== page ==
Tuesday, June 12, 2007


I saw a commercial last night which said that our children are losing valuable information taught to them during the school year over the summer. That they were starting school in the fall at a deficit. This commercial advised that we send our kids to summer classes so as not to let all that pertinent school stuff just leak out of their feeble little heads.

I had summers off as a child and remarkably I can still do basic addition, subtraction and multiplication. I remember what year WWII started, I can conjugate Spanish verbs and for reasons I can’t really fathom I have an uncanny recollection of the battle at Bunker Hill.

But what I learned over the summer was so much more than anything my parents tax dollars could buy me in the classroom.

I learned how to get along with others – sometimes compromising, sometimes holding my ground. I learned the laws of gravity and the repercussions of this awesome power. I learned how to do things for myself, how to be alone, how to make fun from nothing, how to fight, how to make up, how to be a good friend and a bad one.
These are things that blossom in the unstructured environment of the neighborhood streets and lawns and woods.
Having kids sit in classrooms during these invaluable summer months robs them of their greatest and most memorable learning experiences... and some of their most colossal mistakes.

Parents get a grip.
Let the world be their classroom, even if that world is only a block wide, and two months long.


Amaya said...

This was a great post!
They want to cut out their summers, their art classes and music classes. All creativity. Basically they're cutting out childhood.

Instead of keeping kids in a classroom all year round, why not take them on a trip to Europe to help with their foreign language skills, world relations, and history?

Bent Fabric said...

I think there is too much coddling going on with this generation.

deb said...

Thanks for posting this. I had to post about it too as "Summatime II."

Kids have only a finite amount of time to just be kids! I say, let them have fun and learn how to enjoy themselves.

That's important too.

-- deb --

Maria said...

I wish that my child could have the summers that I did. I remember rambling all through the town I grew up in on my bike. I remember kids everywhere playing. I remember going fishing at the lake...BY MYSELF.

Now, things are so different. I can't let Liv bike anywhere out of my sight. We arrange play dates with her friends instead. She would never be allowed to go fishing by herself. Ever.

I hate it that she misses out on all those great summer lessons. I remember summer as this warm, lazy, wonderful time. I don't think her memories will have the same taste.

Val said...

Great post. Thing are different for this generation - too much stuff planned. It's tough with working parents, etc... but even 'camp' daycare is better and not as constricting as being in a classroom.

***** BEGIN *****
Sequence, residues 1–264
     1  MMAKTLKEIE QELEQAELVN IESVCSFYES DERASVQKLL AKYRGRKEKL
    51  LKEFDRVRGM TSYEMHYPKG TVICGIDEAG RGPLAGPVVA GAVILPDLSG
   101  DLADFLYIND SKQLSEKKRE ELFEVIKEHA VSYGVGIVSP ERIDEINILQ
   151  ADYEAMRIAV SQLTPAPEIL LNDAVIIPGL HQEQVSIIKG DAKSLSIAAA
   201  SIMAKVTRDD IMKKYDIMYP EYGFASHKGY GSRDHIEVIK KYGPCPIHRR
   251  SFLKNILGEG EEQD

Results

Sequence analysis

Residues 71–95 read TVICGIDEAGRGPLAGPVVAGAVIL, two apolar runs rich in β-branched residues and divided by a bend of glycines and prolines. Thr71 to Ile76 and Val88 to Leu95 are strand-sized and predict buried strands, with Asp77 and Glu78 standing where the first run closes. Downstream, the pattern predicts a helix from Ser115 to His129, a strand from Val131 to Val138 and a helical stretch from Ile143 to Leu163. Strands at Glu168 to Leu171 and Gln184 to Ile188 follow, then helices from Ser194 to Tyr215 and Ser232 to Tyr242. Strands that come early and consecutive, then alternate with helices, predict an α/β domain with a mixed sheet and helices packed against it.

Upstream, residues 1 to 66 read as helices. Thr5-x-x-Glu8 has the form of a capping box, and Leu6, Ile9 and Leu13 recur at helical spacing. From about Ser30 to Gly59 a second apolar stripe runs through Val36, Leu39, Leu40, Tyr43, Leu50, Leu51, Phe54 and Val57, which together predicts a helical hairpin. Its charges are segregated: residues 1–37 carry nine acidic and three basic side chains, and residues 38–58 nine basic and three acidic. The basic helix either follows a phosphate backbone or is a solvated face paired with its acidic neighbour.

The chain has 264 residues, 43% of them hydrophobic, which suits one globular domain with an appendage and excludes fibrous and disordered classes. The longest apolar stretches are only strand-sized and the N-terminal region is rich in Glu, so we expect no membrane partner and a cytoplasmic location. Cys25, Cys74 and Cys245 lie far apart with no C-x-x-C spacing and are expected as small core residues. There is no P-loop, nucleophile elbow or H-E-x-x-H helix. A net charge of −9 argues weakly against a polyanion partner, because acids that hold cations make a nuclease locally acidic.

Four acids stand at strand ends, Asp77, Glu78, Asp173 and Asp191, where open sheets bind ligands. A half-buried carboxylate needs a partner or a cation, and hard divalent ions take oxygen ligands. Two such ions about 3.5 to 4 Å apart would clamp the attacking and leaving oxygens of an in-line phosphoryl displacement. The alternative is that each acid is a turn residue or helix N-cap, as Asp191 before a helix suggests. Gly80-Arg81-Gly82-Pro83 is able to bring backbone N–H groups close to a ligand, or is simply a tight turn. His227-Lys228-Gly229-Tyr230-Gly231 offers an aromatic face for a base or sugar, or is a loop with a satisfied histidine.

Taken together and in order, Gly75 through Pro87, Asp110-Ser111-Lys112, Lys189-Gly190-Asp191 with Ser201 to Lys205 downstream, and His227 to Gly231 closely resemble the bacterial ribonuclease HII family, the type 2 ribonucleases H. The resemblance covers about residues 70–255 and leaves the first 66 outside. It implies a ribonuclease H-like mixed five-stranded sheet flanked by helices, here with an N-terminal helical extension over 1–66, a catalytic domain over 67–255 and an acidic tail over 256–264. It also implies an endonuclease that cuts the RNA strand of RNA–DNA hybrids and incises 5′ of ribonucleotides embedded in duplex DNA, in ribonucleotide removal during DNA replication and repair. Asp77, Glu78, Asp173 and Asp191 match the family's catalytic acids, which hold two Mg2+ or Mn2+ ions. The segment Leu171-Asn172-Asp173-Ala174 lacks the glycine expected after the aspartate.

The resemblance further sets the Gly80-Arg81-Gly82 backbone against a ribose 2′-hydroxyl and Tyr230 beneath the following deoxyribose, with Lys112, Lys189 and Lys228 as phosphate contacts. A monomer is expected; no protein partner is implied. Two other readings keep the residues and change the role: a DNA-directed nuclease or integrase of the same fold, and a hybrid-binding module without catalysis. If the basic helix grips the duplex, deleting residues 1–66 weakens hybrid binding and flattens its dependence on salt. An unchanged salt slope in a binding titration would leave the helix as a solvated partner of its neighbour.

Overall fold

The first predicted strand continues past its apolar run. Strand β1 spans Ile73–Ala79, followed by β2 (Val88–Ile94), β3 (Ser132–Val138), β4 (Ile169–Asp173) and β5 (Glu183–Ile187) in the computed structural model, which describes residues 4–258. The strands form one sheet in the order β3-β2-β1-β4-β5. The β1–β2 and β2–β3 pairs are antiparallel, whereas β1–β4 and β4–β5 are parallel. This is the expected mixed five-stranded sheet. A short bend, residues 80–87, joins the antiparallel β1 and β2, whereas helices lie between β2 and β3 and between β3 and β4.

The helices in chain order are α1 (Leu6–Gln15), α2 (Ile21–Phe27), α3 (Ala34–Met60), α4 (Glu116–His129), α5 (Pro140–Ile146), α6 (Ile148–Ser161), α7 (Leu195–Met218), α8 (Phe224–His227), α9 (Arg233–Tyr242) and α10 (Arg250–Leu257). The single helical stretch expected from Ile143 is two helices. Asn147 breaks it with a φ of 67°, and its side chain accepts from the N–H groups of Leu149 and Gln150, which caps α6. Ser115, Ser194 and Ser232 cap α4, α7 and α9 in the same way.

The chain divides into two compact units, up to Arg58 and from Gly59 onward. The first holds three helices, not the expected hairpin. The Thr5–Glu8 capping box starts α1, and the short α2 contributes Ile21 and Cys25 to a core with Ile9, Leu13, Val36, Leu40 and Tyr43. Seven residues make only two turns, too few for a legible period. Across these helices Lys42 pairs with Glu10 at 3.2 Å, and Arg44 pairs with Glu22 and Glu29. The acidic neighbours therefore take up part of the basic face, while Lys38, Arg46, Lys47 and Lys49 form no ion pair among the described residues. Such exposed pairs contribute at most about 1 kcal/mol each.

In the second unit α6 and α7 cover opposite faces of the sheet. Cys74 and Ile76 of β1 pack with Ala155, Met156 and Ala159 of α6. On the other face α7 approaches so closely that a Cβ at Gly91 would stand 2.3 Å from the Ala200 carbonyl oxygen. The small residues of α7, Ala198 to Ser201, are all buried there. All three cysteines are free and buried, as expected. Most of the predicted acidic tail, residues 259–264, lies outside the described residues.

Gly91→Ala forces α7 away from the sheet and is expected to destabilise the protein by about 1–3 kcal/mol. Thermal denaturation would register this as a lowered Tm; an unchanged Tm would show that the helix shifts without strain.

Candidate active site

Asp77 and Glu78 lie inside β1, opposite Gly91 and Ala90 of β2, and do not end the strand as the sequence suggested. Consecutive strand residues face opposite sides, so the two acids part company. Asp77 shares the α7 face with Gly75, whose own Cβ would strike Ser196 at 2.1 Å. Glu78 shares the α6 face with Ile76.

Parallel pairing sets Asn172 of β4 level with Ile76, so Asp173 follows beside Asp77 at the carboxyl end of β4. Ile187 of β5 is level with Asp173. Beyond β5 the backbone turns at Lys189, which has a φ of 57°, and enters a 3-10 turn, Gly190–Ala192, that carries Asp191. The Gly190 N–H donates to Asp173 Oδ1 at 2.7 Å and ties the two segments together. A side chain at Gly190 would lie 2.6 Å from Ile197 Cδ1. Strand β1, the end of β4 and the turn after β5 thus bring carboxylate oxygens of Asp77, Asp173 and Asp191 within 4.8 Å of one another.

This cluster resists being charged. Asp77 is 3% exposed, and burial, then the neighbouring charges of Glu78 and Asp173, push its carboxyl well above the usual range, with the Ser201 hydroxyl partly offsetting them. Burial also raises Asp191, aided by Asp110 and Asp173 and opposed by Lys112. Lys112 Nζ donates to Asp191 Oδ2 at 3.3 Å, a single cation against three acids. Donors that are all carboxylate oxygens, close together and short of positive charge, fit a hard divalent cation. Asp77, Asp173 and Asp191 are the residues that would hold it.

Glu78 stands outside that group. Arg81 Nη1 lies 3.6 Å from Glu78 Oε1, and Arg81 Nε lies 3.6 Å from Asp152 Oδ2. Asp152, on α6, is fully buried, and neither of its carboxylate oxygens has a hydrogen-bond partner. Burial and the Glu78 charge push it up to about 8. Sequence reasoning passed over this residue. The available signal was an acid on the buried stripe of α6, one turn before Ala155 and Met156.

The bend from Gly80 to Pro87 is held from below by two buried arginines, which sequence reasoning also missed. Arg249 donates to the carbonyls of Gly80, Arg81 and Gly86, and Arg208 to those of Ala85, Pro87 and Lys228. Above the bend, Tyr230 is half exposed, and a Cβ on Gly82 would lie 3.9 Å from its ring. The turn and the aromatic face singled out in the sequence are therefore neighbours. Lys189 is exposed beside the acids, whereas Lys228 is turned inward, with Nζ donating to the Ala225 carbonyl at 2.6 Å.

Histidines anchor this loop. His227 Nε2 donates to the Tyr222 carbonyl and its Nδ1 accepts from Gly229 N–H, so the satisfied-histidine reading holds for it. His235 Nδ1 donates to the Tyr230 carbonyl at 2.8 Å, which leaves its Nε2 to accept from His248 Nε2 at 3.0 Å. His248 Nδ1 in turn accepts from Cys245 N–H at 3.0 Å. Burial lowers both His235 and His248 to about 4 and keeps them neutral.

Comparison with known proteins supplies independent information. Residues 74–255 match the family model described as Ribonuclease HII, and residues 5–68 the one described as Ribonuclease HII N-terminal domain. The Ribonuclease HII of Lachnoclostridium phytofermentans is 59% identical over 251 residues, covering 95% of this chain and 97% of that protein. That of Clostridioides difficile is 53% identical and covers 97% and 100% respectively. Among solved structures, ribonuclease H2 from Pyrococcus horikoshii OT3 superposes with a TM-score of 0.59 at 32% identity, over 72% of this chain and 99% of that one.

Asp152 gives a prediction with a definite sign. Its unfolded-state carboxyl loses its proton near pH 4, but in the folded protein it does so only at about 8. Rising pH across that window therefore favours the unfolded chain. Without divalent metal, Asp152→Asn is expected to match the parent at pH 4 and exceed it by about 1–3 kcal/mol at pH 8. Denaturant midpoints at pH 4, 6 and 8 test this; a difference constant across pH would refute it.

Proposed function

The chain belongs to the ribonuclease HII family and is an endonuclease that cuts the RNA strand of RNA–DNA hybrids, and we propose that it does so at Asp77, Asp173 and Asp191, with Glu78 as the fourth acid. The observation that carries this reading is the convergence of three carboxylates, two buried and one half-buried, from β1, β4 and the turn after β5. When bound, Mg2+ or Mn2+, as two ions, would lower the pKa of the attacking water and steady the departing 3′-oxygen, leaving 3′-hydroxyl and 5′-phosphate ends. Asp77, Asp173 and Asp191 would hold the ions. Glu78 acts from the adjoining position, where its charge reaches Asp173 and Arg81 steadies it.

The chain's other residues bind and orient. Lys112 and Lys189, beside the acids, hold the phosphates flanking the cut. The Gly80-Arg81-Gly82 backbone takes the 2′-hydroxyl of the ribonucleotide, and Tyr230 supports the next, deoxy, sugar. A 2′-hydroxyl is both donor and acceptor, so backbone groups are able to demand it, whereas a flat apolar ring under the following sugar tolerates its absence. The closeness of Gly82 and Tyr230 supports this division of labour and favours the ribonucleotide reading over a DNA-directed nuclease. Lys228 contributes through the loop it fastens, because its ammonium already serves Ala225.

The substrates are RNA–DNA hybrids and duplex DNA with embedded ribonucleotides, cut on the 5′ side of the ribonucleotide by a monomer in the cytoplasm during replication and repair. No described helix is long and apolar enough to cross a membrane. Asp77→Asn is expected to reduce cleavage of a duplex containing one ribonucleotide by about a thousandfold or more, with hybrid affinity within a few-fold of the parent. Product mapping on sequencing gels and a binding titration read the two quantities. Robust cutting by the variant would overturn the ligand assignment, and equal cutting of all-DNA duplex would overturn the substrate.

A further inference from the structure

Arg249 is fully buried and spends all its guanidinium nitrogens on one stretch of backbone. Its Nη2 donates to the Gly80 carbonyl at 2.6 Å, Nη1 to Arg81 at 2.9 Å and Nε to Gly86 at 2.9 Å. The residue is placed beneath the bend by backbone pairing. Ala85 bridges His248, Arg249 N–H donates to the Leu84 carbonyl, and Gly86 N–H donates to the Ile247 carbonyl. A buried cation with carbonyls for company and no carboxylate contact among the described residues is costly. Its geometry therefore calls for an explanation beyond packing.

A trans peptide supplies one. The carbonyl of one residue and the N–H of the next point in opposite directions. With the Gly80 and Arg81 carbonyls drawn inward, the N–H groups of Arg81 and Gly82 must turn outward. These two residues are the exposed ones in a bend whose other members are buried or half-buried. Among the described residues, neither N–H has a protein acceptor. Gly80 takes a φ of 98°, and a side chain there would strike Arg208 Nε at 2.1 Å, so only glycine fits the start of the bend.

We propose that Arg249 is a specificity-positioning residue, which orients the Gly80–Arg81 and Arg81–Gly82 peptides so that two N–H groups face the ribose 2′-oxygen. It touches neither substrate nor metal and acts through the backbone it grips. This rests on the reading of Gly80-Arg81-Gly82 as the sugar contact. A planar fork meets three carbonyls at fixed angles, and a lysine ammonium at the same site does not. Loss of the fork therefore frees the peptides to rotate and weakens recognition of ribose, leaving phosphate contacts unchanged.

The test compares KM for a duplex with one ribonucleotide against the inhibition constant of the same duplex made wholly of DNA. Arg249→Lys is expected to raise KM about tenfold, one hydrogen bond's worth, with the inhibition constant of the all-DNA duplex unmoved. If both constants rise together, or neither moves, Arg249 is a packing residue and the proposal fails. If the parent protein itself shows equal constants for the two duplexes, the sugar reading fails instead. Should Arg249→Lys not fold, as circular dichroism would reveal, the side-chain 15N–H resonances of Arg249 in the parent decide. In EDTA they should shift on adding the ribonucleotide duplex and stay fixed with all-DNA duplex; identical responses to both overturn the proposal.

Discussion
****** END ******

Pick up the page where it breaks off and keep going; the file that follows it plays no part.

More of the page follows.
SassyFemme said...

From a teacher's point of view, I couldn't agree with you more! Here's what that commercial didn't say... Teachers (elementary) spend the first 2-3 weeks reviewing concepts from the previous year. We EXPECT kids will have forgotten stuff over the summer. Kids don't get enough time to be kids, they don't know how to play, they don't know how to use their imagination, they don't know how to problem solve social situations. ARGH, I could go on, but I'm supposed to be relaxing, not thinking about work stuff! :)

dykewife said...

it's all about competition in the workforce, being exceptional in all things, pushing to get ahead because someone else is pushing harder. it's rather sad really. there is a reason that there is summer holidays, it's so that children can have some time in the year when they can be children and relax.

it's sad that people assume that time spent playing is time wasted. if the time isn't organized to the second with activities and lessons the child is wasting their future. it's the children who really suffer. they don't get to be kids.

Anonymous said...

Every June my kids were sent home with Math packets and required reading....and graded / tested on it in September. I called it optional and any bad marks from not doing it were excused.

I'm with Maria...I WISH the kids now could do what we were able to do.

WordsRock said...

Kids these days do have too much structure. I totally agree that children need to be allowed to be children before adulthood traps them into... well... into adulthood.

Geeky Dragon Girl said...

I went to summer school not because anyone made me, not because I needed remedial classes, but because it was easiest way to get away from home every day.

the only daughter said...

The only class my son was ever in danger of failing was the summer school course the school system suggested he take to help acclimate him to high school. hmpf.

One of the games my friends and I sometimes played during the summer...school.